Barack And Michelle Ask Moms To Become Obamacare Community Organizers On Their Grocery Trips


President Barack Obama and first lady Michelle met with eight moms at the White House last week to establish a nebulous cultural association between domestic nurturing and the Affordable Care Act, with the President entreating mothers everywhere to become community organizers for Obamacare the next time they’re in the cereal aisle.


“There’s something about moms,” said the President. “Nothing can replace telling stories in the grocery store to somebody who may be skeptical. And that kind of face-to-face interaction makes this concrete and it describes exactly why this is so important.”

“The words I think of are ‘peace of mind,’” the first lady added. “Every family needs the peace of mind to know they’re going to have the safety net they need. As Barack said, these stories are powerful… I’d urge everyone out there who has a story to share it.”

According to Valerie Jarrett, who says she doesn’t really hold much sway with the Obamas anyway, “The first lady is the best salesperson” for Obamacare.


She’s getting involved now, Jarrett said, because she’s the right person to convey the message of the moment: that the uninsured — especially young people and minorities — should look for insurance on exchanges and that those with insurance are already feeling the benefits of the law.

As this phase continues, Obama will speak out more on health care, Jarrett said. People familiar with the White House’s plans expect more engagement by the first lady in 2014.

The timing of her involvement, after controversies have eased and ahead of the holidays, is no accident.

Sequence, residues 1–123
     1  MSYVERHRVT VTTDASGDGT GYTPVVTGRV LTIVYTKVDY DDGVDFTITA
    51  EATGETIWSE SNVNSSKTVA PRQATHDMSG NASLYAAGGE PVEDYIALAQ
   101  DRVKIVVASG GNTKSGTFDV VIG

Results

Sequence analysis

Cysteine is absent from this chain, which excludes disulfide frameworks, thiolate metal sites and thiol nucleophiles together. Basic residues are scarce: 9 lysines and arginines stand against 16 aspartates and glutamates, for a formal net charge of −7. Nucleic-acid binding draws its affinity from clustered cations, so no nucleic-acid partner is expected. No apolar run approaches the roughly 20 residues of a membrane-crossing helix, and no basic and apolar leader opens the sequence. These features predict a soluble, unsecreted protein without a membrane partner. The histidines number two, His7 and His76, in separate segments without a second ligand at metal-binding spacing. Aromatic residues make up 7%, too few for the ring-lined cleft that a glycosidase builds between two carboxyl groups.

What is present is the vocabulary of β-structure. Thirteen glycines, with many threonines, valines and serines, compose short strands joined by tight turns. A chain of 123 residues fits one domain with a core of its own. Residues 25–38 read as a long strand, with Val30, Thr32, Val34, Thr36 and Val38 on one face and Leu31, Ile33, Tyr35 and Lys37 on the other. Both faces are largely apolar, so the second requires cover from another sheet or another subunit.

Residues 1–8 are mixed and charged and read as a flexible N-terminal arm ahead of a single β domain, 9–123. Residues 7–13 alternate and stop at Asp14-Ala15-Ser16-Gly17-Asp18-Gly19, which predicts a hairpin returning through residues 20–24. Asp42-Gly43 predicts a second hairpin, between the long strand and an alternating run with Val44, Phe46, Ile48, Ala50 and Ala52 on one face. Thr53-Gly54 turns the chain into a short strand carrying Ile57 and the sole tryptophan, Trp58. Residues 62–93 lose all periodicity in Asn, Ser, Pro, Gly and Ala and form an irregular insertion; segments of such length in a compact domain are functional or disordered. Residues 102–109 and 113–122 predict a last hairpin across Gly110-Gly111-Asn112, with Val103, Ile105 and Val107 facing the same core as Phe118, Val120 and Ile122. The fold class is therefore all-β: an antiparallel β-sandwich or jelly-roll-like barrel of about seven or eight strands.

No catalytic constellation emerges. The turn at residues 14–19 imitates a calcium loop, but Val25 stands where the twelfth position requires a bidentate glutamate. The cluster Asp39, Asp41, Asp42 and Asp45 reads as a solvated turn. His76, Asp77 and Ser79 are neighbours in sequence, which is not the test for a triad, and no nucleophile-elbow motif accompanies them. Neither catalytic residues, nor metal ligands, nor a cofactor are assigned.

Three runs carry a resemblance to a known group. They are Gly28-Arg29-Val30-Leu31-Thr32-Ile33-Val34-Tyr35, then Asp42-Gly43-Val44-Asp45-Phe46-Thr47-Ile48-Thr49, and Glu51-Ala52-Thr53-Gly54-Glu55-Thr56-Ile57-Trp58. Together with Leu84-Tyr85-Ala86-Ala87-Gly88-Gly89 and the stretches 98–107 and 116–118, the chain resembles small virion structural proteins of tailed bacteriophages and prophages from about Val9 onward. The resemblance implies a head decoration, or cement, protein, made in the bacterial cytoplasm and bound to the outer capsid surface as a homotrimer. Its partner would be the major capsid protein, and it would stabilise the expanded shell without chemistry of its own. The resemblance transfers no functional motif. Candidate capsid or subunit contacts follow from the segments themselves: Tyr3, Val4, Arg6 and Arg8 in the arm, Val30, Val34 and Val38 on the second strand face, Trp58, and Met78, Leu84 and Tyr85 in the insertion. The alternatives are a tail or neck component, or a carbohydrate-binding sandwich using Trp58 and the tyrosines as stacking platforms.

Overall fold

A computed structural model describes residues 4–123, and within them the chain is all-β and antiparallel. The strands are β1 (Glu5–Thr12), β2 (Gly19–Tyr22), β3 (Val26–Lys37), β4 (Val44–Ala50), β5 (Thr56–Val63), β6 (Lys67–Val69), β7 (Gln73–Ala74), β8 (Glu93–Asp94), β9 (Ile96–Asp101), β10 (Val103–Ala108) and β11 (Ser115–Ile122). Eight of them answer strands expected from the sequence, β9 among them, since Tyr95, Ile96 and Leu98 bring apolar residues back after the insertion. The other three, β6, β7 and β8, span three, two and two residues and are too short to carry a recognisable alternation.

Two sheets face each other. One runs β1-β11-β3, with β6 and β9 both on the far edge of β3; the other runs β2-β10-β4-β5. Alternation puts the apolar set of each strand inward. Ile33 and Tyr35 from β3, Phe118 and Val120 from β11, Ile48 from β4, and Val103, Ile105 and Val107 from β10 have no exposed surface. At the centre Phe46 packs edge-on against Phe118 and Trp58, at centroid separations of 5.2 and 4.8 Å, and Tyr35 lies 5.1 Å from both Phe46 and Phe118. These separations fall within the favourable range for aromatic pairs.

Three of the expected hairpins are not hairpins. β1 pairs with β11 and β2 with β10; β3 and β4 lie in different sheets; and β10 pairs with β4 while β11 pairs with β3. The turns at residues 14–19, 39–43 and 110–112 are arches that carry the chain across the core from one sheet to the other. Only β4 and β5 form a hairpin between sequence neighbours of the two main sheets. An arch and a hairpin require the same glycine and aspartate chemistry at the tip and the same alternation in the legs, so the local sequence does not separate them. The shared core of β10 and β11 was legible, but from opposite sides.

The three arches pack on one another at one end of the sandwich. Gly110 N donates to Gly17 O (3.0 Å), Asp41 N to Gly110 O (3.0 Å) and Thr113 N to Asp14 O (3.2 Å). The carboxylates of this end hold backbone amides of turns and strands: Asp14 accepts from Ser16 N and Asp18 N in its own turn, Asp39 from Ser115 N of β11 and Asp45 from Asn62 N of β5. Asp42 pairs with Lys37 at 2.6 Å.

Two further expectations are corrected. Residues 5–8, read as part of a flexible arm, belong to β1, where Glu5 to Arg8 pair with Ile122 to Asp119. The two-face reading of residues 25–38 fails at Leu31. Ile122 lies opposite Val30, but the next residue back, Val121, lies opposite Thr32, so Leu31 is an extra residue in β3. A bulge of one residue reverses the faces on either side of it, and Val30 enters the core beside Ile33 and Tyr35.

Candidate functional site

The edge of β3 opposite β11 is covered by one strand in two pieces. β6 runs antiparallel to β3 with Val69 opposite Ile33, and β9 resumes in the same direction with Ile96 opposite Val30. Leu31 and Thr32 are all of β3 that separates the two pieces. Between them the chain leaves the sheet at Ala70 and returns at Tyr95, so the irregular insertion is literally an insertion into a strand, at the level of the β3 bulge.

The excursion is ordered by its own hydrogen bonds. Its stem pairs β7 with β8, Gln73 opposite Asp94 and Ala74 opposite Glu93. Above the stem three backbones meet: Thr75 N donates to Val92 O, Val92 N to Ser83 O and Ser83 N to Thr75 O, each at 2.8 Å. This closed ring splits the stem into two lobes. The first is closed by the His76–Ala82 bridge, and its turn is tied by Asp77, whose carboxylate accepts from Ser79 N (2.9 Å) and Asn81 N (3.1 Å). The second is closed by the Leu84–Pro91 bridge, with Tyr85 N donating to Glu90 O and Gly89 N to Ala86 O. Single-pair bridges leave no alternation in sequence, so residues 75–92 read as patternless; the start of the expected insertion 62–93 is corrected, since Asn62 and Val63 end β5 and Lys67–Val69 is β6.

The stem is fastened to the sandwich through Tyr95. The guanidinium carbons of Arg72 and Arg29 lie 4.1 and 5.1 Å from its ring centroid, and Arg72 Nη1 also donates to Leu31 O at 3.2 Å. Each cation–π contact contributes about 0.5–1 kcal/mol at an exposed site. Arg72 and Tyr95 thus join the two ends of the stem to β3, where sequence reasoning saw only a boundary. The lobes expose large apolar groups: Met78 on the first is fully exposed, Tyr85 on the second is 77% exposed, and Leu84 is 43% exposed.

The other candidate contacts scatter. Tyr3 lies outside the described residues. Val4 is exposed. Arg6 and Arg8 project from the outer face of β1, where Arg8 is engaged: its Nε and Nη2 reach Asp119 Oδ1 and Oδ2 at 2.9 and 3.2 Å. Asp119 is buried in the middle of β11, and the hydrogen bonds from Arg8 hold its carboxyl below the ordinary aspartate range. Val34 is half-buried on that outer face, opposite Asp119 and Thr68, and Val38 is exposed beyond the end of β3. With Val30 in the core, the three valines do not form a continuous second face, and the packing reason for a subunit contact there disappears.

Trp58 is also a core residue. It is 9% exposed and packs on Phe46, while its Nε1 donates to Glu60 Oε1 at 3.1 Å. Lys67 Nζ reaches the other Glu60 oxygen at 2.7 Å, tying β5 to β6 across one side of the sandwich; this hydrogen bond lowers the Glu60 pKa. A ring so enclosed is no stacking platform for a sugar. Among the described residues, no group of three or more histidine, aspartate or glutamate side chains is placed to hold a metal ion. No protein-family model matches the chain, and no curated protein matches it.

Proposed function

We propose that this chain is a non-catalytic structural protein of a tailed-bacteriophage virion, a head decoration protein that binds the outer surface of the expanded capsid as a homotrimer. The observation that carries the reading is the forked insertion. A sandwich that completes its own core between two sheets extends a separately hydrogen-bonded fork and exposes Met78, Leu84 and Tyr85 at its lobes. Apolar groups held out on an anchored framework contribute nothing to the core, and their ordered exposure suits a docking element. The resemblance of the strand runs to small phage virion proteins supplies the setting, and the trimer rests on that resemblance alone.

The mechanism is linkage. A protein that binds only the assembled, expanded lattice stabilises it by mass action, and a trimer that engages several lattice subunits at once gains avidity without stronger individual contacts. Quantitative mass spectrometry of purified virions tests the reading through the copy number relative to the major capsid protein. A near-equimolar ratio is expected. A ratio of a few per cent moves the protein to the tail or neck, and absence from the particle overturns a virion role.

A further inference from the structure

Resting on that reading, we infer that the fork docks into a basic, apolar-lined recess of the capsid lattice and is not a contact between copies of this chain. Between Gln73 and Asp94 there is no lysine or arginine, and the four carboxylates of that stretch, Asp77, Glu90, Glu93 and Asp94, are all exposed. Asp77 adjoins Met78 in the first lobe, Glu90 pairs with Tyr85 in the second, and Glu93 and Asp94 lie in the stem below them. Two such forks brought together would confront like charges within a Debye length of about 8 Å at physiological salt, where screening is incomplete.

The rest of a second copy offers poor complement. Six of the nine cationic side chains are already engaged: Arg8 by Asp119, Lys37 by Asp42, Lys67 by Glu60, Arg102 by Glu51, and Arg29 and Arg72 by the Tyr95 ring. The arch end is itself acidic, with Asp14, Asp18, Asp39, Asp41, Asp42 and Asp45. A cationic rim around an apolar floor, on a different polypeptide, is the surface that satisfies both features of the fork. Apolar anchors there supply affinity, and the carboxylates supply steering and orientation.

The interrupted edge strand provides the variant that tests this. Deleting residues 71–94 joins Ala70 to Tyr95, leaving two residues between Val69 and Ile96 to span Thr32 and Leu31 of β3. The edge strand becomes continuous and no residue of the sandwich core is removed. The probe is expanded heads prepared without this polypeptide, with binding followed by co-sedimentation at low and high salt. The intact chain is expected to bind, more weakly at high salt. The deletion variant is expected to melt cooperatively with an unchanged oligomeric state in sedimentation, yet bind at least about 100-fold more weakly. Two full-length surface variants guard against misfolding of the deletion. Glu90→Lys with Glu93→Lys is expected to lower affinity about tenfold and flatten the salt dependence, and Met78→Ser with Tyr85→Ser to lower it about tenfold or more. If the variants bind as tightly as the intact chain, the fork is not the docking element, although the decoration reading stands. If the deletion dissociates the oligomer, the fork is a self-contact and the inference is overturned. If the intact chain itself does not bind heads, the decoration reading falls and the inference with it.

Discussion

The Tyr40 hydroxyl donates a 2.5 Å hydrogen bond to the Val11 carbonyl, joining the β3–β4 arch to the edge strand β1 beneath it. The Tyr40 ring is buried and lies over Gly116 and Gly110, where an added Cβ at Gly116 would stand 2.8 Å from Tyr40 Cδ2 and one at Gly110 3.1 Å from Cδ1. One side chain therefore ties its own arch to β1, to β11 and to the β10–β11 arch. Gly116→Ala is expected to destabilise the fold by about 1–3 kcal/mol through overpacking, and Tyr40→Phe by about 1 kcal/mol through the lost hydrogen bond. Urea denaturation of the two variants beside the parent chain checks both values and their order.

“There is no question that they wanted to keep her away from the mess [of] it,” said Maria Cardona, a Democratic strategist who has a good relationship with the East Wing. “Now that things have started to smooth out and they’ve been able to get to a point of focusing more on the benefits and those folks who are able to sign up for insurance, it’s the right moment for the first lady to get involved.”

The right moment. Sure, be our guest.

At least right now, perhaps the first lady would like to rethink her grocery-gossip advice. She probably doesn’t want somebody’s mom to share this story. Or this one. Or this one right here. And speaking of domestic nurturing, for heaven’s sake, don’t let anybody’s mom share this one. Heck, why not? Here are four more. And, unless Michelle and Barack are going for irony, the grocery store probably isn’t the ideal venue to share this story, or this one — especially if a store employee is within earshot.

Personal Liberty

Ben Bullard

Reconciling the concept of individual sovereignty with conscientious participation in the modern American political process is a continuing preoccupation for staff writer Ben Bullard. A former community newspaper writer, Bullard has closely observed the manner in which well-meaning small-town politicians and policy makers often accept, unthinkingly, their increasingly marginal role in shaping the quality of their own lives, as well as those of the people whom they serve. He argues that American public policy is plagued by inscrutable and corrupt motives on a national scale, a fundamental problem which individuals, families and communities must strive to solve. This, he argues, can be achieved only as Americans rediscover the principal role each citizen plays in enriching the welfare of our Republic.

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